This work was supported by the Natural Science Foundation of Jiangsu, China (BK2012794 BK20140812), the Industryacademic Joint Technological Innovations Fund Project of Jiangsu (BY2014003-12), and Jiangsu province university outstanding science and technology innovation team project.
BIO
Wenjin Sun was born in Jiangsu Province, China, in 1988. He received his B.S. degree in Electrical Engineering from the Nanjing University of Aeronautics and Astronautics (NUAA), Nanjing, China, in 2011. He is presently working toward his Ph.D. degree in Electrical Engineering at NUAA. His current research interests include topologies and control methods for power converters, distributed power generation and spacecraft power systems.
Hongfei Wu was born in Hebei Province, China, in 1985. He received his B.S. and Ph.D. degrees in Electrical Engineering and Power Electronics and Power Drives from the Nanjing University of Aeronautics and Astronautics (NUAA), Nanjing, China, in 2008 and 2013, respectively. From June 2012 to July 2012, he was a guest Ph.D. student at the Institute of Energy Technology, Aalborg University, Aalborg, Denmark. Since 2013, he has been with the Faculty of Electrical Engineering, NUAA. He is presently a Lecturer in the College of Automation Engineering, NUAA. He has authored or co-authored more than 90 peer-reviewed papers published in journals and conference proceedings. He is the holder of more than 17 patents. His current research interests include power converters, distributed power generation and spacecraft power systems. Dr. Wu was awarded as an Outstanding Reviewer of the IEEE Transactions on Power Electronics (2013).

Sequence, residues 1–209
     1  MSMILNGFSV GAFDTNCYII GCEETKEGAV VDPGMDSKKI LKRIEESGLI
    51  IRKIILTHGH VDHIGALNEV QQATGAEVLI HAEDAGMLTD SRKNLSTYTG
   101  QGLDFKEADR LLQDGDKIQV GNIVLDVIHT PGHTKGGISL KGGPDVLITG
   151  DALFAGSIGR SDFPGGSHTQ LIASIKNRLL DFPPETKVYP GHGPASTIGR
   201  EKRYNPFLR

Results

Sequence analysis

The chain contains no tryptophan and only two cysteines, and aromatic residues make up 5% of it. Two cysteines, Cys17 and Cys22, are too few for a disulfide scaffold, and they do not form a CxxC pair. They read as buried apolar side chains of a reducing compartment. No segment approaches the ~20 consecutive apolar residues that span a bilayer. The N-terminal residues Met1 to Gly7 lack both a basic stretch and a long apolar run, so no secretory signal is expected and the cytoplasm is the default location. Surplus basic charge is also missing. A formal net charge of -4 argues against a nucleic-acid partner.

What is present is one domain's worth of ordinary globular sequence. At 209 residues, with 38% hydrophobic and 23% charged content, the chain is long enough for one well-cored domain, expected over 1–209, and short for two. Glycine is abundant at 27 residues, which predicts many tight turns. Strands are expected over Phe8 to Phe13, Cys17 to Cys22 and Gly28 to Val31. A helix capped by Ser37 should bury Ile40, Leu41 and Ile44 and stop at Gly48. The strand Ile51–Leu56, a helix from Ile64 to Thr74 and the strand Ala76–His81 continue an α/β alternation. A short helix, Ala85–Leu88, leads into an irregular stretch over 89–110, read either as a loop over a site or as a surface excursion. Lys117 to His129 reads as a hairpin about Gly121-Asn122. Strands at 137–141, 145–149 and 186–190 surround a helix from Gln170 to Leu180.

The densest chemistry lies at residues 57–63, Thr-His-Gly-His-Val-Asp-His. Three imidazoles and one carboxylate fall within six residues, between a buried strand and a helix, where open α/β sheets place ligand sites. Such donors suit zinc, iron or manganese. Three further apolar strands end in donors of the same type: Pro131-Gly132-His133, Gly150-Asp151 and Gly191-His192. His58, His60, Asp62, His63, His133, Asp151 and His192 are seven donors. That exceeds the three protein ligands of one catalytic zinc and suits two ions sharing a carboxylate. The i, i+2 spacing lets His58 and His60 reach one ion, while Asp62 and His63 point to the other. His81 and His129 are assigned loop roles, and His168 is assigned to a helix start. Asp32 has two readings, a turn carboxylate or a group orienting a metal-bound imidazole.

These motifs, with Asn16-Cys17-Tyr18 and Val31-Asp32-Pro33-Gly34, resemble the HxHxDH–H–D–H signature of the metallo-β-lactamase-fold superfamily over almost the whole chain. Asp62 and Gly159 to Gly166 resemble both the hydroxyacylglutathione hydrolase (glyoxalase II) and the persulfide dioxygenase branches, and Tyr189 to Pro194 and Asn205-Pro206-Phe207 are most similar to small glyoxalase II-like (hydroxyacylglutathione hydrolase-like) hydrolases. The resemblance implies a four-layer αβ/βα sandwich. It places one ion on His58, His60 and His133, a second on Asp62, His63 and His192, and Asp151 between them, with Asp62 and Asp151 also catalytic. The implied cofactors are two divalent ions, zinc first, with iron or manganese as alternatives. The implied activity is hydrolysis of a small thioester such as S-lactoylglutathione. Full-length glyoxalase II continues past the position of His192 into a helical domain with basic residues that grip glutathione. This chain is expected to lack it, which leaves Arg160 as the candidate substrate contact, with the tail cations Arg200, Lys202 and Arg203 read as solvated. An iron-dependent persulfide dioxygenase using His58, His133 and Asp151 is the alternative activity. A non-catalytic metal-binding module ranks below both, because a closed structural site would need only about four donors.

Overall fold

Haibing Hu received his B.S. degree from the Hunan University of Technology, Hunan, China, in 1995, and his M.S. and Ph.D. degrees in Electrical Engineering from Zhejiang University, Zhejiang, China, in 2003 and 2007, respectively. Since 2007, he has been with the Faculty of Electrical Engineering, Nanjing University of Aeronautics and Astronautics (NUAA), Nanjing, China. He is presently a Professor in the College of Automation Engineering, NUAA. From 2009 to 2012, he was a Postdoctoral Research Fellow in the Department of Electrical Engineering, University of Central Florida, Orlando, FL, USA. He is the author or coauthor of more than 70 technical papers published in journals and conference proceedings. His current research interests include digital control in power electronics, multilevel inverters, digital control system integration for power electronics, and applying power electronics to distributed energy systems and power quality.
Yan Xing was born in Shandong Province, China, in 1964. She received her B.S. and M.S. degrees in Automation and Electrical Engineering from Tsinghua University, Beijing, China, in 1985 and 1988, respectively, and her Ph.D. degree in Electrical Engineering from Nanjing University of Aeronautics and Astronautics (NUAA), Nanjing, China, in 2000. Since 1988, she has been with the Faculty of Electrical Engineering, NUAA, and is presently a Professor in the College of Automation Engineering, NUAA. She has authored more than 100 technical papers published in journals and conference proceedings. She has also published three books. Her current research interests include topologies and control methods for dc-dc and dc-ac converters.